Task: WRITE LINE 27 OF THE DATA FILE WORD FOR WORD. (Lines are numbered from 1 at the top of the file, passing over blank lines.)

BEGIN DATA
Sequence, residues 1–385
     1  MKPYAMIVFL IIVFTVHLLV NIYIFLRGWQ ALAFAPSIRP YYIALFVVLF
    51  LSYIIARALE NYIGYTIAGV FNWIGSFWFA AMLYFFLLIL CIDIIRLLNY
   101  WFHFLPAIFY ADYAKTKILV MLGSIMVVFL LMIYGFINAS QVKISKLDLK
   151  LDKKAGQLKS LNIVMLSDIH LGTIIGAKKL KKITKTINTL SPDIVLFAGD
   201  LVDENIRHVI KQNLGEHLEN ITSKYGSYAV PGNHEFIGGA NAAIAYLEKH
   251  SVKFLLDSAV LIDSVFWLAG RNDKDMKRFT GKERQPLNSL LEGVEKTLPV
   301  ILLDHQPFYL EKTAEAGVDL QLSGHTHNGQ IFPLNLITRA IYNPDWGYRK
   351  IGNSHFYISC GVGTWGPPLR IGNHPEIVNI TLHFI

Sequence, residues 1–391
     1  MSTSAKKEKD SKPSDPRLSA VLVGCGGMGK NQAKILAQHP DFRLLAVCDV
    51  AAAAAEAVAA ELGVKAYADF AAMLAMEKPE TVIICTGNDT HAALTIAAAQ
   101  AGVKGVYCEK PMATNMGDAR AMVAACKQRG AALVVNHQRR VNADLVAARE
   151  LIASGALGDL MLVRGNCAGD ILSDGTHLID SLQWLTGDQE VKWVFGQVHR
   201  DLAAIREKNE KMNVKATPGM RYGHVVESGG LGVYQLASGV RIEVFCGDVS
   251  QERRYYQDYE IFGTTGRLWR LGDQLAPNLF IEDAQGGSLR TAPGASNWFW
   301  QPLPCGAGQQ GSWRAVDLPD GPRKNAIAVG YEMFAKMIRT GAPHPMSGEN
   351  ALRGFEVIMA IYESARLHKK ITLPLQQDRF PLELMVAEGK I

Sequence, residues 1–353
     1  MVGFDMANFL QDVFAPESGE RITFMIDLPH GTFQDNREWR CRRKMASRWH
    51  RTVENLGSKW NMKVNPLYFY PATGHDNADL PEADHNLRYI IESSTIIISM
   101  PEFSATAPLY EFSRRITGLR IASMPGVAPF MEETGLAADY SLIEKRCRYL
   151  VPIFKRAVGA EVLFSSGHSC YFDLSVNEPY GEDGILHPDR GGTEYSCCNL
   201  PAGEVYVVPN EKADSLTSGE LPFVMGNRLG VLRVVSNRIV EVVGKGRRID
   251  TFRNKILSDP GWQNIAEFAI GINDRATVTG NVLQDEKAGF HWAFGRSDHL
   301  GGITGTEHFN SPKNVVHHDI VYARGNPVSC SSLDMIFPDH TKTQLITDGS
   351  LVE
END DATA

   351  LVE